England's first open-air school opened in 1907. The schools gained popularity in the 1930s as a means to combat tuberculosis, a disease then rife.
Children considered to be at risk of developing the disease - identified by stunted growth and mental 'dullness' - were sent to the schools. By 1937, 96 open-air day schools and 53 residential schools had been established across the country.
A 1912 publication, 'The Open Air School', had set out the blueprint for how such schools should be run. The regime included vigorous exercise, rest periods during the day and a wholesome diet with plenty of meat, dairy products and vegetables.
Outdoor subjects included horticulture, bee keeping, natural history, woodwork and meteorology (schools had their own weather stations). Academic lessons were based around these activities on desks and chairs in the open - assuming it was not raining.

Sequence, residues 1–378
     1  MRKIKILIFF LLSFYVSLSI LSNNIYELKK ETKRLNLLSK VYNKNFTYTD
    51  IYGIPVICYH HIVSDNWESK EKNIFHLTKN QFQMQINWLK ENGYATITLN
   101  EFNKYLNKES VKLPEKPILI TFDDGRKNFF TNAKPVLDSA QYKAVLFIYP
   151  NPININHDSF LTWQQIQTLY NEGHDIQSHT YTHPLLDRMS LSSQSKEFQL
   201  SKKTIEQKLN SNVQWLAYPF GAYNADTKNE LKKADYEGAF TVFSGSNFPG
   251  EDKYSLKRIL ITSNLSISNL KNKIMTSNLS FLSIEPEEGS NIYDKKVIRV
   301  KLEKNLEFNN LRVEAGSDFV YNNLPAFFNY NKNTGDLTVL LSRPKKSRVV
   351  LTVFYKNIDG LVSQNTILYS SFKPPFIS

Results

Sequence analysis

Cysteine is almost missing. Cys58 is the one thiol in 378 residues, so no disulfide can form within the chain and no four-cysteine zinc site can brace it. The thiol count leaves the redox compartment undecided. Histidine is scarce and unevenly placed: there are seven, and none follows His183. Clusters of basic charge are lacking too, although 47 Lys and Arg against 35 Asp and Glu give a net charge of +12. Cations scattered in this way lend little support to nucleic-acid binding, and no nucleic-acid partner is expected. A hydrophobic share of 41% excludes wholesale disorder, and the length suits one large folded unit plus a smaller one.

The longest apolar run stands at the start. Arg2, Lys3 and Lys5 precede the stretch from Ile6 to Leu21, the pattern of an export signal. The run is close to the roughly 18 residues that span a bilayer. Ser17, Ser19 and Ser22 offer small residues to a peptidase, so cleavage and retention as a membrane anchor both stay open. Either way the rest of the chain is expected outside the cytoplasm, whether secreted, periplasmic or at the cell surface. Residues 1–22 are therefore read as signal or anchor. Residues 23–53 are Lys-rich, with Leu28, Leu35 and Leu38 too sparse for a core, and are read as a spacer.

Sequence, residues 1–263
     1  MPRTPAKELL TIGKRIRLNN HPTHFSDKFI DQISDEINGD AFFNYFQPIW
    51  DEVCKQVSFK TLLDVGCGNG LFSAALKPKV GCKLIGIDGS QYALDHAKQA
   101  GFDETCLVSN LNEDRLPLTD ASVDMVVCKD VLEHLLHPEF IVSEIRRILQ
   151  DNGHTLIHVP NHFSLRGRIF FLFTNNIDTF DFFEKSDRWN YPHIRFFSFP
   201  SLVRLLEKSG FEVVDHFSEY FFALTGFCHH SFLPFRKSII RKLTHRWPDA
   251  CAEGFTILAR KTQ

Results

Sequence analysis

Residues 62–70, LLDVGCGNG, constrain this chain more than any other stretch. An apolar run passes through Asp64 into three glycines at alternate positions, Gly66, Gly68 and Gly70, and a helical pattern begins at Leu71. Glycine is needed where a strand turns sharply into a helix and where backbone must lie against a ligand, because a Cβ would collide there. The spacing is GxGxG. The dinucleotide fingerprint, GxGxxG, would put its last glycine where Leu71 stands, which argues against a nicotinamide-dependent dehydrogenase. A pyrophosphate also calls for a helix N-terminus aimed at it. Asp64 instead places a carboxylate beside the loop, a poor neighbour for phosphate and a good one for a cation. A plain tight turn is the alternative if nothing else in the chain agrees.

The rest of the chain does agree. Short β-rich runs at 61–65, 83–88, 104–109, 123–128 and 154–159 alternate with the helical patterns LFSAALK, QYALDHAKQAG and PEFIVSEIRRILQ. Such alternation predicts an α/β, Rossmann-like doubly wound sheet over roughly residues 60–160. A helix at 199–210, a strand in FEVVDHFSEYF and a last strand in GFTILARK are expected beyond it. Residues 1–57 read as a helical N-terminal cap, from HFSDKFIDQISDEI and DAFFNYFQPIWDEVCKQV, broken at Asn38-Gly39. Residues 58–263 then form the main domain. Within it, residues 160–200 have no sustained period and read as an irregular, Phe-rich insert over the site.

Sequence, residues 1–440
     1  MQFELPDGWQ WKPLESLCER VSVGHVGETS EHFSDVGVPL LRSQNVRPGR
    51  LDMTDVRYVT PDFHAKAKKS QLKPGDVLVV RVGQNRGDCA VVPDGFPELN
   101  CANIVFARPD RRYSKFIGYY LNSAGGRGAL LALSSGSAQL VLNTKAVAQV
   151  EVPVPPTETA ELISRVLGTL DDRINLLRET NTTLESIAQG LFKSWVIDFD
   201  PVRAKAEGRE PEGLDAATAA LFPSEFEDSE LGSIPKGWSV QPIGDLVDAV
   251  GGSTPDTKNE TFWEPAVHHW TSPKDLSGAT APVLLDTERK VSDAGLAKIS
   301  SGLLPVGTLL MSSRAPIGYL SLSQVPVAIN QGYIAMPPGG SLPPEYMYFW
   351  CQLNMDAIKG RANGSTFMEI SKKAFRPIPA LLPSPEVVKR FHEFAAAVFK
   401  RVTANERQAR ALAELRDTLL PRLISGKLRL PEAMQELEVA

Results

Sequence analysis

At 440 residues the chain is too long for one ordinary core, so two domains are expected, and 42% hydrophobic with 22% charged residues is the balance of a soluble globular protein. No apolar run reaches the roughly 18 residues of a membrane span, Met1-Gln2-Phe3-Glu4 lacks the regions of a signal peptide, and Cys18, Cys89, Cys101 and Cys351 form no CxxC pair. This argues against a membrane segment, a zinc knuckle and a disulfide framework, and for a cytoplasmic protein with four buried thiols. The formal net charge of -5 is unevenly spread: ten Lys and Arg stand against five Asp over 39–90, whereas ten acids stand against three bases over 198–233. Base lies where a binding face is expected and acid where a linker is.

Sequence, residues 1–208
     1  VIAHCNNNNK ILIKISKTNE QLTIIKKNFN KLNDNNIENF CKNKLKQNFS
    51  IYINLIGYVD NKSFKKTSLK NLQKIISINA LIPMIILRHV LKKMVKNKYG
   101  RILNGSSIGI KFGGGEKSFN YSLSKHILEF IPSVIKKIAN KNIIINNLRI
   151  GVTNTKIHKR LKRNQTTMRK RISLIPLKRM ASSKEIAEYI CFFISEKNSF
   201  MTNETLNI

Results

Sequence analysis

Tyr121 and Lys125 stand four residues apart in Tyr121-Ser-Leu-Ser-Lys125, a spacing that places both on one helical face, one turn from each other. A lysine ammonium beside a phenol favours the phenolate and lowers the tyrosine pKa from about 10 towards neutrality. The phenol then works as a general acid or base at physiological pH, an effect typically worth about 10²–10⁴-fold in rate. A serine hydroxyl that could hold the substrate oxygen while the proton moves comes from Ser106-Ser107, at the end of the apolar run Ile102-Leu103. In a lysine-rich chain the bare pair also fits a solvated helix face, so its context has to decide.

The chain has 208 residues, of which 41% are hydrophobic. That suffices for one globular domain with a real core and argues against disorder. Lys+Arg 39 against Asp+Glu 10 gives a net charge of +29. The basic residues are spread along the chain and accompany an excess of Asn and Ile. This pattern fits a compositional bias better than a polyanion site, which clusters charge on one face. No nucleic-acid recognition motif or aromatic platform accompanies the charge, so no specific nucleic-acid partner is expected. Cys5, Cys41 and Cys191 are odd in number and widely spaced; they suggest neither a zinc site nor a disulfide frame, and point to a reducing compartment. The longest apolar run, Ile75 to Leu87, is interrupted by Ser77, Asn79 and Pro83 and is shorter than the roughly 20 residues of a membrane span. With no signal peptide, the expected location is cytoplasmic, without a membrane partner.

But by the 1950s, the schools had begin decline. The BCG vaccine was introduced in 1953 and antibiotics became widely available after WWII. Together with slum clearances, the Clean Air Act and the NHS, the threat of tuberculocis was radically reduced, and the schools had lost their imperative to exist.
"On an occasion some of us will not easily forget, the ink became solid in the ink-wells, snow blown into the classroom in the morning was swept out in the afternoon, dinner was served with snow sauce, for there was no means of keeping snow out of the dining shed.”
“Vigorous physical exercise should precede sitting-down lessons, overcoats and rugs will serve to retain the natural heat of the body.”
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Text and curation: Amanda Uren